How to answer those difficult job interview questions
A range of questions are generally asked in job interviews – and some of these can be tough to answer.
But why do interviewers ask difficult questions in job interviews?
The rationale for asking difficult questions is to learn about the type of person you are. The interviewer is interested in obtaining a well-rounded understanding of candidates they speak to and are keen to get a grasp of their strengths, abilities and limitations. Difficult questions provide an opportunity to hear about a candidates’ experience, how they have learnt to deal with challenging situations and their capacity to reflect on their capabilities.
Below are some examples of difficult questions that are asked in job interviews and some suggestions for how to answer these:
“Tell us about yourself”
Whilst this sounds like an easy question to answer at first, it can potentially be a bit of a minefield. Many candidates stray into personal territory when answering this question however, the interviewer is actually interested in learning about your relevant working experience and your training and skills in relation to the position you are applying for. When asked this question, keep your response brief – make it no longer than 2 minutes and use it as an opportunity to demonstrate your communication skills.
“What are your goals? Where do you see yourself in five years?”
When responding to this question, connect your professional goals to the organisation you hope to work for and the job you are applying for. Avoid talking about your personal goals – whilst these are obviously important, the interviewer is more interested in understanding the alignment between your job aspirations and the position/company they are hiring for. In particular, interviewers will be keen to know if you have a long term interest in the sector – they don’t wish to hire and invest in someone and then have them leave after a short period of time.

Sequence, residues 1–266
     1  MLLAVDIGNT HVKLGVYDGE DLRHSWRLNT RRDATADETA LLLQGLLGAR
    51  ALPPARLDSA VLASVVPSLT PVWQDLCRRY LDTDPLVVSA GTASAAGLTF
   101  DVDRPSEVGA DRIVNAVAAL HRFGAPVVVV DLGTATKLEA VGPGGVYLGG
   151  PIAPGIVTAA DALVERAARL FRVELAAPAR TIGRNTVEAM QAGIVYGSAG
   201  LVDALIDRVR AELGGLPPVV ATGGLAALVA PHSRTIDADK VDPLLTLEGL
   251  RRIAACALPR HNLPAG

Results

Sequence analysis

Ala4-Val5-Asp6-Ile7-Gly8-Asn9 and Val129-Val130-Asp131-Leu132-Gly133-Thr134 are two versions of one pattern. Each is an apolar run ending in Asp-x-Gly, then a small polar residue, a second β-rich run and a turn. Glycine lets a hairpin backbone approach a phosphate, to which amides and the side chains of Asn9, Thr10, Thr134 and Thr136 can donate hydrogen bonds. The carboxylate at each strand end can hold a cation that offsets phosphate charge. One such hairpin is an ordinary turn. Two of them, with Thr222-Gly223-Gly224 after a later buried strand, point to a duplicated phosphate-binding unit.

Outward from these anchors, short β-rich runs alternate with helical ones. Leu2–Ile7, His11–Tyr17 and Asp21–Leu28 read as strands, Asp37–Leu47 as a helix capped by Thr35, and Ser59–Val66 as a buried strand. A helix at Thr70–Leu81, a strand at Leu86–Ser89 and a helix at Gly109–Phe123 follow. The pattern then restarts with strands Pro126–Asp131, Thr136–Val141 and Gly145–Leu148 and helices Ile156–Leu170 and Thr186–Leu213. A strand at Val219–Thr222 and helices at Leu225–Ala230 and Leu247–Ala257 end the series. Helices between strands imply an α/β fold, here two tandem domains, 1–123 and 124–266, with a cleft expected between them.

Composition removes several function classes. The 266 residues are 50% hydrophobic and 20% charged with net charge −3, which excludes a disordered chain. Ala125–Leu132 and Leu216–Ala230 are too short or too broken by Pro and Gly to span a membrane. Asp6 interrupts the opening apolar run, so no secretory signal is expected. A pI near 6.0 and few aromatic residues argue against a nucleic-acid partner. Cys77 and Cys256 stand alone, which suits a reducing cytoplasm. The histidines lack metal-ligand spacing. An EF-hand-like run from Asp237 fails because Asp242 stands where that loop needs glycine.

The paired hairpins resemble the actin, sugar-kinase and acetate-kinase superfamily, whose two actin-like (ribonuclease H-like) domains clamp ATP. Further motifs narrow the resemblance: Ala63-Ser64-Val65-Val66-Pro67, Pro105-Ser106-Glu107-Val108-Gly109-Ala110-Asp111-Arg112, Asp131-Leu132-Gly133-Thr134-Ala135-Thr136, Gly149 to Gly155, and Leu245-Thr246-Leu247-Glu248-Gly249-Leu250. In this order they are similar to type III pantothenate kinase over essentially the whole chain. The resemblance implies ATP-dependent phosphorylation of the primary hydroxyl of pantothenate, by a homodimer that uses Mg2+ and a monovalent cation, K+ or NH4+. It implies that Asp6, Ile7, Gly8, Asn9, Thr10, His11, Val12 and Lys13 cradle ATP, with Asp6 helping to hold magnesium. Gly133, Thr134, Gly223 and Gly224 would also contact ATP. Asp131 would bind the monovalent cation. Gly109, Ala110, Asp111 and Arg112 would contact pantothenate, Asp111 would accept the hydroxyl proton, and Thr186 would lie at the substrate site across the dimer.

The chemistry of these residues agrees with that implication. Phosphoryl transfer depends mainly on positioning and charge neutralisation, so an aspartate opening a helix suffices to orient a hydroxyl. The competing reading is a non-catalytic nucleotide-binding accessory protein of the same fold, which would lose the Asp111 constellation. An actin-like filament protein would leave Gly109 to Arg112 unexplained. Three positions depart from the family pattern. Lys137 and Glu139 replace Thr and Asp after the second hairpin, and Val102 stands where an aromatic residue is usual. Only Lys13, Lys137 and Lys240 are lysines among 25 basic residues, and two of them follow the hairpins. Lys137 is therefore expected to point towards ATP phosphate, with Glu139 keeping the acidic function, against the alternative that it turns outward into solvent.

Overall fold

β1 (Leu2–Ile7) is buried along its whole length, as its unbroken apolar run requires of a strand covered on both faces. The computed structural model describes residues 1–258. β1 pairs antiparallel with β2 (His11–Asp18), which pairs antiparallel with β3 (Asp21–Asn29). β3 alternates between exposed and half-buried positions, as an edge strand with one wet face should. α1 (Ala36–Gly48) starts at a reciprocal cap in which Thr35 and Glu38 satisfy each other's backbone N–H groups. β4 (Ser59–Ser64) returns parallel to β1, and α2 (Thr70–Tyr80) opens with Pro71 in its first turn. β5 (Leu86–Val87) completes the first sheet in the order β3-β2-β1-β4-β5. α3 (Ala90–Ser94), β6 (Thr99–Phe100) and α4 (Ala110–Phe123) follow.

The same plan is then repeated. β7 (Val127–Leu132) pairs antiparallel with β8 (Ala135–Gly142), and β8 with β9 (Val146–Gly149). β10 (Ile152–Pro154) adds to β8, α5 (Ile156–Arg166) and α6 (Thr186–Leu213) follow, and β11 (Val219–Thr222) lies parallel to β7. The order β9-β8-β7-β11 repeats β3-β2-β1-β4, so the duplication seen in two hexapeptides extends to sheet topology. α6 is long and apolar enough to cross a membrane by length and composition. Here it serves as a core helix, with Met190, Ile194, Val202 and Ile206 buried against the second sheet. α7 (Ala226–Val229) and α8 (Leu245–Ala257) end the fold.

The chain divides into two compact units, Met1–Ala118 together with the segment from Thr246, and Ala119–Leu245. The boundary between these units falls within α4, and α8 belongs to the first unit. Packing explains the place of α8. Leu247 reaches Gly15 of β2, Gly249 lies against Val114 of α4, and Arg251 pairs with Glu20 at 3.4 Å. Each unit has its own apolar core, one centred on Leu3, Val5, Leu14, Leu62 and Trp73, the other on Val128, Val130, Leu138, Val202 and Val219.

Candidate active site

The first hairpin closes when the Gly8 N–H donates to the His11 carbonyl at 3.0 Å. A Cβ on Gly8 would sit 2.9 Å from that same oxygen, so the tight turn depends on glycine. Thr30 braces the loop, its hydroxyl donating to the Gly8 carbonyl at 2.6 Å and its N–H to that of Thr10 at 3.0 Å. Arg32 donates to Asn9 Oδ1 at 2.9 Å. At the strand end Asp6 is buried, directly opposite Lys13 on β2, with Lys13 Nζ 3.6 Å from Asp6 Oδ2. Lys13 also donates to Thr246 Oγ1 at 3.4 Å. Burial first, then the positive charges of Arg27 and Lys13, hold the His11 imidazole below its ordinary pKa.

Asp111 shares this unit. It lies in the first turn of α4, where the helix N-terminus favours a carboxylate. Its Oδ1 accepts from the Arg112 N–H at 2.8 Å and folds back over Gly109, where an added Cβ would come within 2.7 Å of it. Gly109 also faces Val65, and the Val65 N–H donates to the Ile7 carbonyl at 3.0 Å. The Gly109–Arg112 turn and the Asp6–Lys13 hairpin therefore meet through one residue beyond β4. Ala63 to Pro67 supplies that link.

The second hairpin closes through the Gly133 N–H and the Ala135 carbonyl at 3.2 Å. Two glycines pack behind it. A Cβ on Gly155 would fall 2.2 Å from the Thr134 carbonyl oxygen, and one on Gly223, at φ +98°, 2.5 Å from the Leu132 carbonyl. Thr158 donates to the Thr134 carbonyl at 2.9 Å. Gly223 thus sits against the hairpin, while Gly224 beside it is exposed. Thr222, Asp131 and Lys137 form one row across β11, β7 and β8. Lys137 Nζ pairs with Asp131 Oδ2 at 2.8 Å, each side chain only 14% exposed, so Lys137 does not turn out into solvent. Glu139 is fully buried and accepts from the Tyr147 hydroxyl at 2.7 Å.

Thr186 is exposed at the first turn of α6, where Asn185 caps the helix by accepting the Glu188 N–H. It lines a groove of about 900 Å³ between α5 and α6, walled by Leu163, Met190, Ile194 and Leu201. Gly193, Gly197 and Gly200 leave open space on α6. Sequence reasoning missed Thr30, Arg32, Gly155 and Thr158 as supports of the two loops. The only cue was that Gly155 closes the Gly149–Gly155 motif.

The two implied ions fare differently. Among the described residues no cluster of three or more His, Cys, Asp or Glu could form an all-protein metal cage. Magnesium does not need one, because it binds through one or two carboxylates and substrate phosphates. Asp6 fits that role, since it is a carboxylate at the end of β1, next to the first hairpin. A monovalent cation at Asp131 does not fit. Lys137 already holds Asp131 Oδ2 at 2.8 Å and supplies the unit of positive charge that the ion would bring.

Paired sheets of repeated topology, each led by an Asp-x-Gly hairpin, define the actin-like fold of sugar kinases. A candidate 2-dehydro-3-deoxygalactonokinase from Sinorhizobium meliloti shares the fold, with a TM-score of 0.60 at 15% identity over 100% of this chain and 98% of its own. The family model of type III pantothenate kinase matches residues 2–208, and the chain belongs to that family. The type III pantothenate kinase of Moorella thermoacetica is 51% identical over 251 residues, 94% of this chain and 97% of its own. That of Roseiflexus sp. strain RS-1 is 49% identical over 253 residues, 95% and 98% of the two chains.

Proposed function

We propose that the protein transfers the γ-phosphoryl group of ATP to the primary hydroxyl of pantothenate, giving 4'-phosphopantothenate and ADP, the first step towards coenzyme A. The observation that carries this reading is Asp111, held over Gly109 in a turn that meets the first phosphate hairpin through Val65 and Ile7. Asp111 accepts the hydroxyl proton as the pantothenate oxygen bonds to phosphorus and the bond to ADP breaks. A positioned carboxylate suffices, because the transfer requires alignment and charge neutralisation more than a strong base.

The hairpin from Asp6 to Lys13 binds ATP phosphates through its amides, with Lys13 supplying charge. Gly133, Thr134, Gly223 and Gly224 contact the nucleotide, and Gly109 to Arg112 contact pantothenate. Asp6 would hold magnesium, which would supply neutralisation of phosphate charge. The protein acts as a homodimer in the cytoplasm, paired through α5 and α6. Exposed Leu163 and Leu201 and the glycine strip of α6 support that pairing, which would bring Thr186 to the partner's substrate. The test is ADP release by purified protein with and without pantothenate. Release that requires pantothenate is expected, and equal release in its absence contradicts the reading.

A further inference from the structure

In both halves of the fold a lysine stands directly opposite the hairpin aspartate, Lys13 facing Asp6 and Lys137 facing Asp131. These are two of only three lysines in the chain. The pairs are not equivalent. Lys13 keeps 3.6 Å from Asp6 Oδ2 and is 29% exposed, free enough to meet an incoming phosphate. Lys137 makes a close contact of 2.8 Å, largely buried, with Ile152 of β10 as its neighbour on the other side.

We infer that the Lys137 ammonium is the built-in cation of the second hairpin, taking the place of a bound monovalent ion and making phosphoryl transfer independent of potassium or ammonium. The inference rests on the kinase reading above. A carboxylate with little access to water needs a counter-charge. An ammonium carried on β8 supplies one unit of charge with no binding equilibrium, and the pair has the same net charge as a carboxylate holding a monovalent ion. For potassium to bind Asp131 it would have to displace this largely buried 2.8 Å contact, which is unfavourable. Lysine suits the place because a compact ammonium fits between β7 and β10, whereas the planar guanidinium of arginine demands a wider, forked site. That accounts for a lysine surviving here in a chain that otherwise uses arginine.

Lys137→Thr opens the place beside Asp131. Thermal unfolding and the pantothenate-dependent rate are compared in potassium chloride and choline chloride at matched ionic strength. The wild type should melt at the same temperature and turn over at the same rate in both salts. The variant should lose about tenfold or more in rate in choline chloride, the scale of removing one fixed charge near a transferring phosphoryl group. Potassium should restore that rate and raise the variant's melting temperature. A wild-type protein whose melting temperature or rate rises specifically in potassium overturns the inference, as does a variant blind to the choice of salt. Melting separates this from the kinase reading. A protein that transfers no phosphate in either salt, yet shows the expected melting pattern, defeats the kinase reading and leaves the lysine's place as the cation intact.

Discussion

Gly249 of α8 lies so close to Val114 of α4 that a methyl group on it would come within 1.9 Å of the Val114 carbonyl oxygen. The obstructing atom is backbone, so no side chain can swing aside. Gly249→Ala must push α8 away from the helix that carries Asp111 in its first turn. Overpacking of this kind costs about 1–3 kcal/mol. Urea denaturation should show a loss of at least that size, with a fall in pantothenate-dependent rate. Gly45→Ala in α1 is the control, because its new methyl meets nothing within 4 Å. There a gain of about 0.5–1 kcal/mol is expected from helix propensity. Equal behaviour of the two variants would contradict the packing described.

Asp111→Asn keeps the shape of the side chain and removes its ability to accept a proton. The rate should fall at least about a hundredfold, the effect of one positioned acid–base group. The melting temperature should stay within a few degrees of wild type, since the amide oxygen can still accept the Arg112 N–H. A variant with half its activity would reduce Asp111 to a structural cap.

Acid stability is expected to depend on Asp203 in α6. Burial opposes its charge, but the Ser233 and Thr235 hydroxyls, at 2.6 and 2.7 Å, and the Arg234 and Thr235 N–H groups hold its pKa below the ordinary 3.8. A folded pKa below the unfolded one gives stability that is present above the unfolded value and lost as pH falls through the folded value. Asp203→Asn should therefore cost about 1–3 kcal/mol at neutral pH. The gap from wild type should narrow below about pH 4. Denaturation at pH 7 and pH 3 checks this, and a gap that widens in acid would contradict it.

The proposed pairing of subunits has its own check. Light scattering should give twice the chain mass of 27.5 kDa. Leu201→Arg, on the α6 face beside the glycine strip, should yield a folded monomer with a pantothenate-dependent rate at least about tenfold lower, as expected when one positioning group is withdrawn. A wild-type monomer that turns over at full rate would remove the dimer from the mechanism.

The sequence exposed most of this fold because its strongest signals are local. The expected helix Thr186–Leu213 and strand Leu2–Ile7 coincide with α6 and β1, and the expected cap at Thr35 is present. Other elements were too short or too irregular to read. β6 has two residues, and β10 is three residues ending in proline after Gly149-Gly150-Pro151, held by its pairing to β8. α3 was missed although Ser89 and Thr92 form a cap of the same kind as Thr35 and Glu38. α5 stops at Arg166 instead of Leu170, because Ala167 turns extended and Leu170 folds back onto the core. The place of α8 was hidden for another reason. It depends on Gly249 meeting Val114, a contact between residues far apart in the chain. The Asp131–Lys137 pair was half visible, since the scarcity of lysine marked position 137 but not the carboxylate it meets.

“Why do you want to leave your current job?”
As much as you might want to, it is really important not to express frustration about an employer during a job interview. If you have had a bad time in your current job and this has spurred you on to find employment elsewhere, it is okay to touch on these experiences – but it is recommended that you keep your complaints to a minimum. Interviewers are looking for candidates who are optimistic and enthusiastic. Rather than giving a blow by blow account of your current or recent working environment, it is better to provide an answer that explains your interest in the position you are applying for and the role’s link with your career ambitions.
“What are your weaknesses?”
This can be a very tricky question to answer in a job interview – particularly when you are trying to sell yourself. The best way to respond to this question is to turn a negative into a positive. As a result, focus on one or two areas where you are challenged or need some improvement in and explain how you have overcome these weaknesses in a professional environment. To do this, provide an example using the STAR technique (Situation, Task, Action, Result) which demonstrates you are mindful of your shortcomings and as a result, have developed strategies that deal with these to complete a project or achieve an outcome.
“Tell me about a work situation where you have disappointed someone?/ where a project didn’t go to plan?”
This is another really difficult question to answer. What the interviewer is looking for here is your capacity to reflect on your actions and your learnings from the situation. Just like the previous question, the best way to respond is by using the STAR technique. Firstly, set the scene for the project you worked on and then move on to identifying the reasons why the project went off the rails. This should be followed by explaining what you did to recognise the problem, the steps you took to fix it and what the result was. When you are explaining this scenario, the key is to be realistic about your flaws but also confident about the strengths you can offer to your prospective employer.
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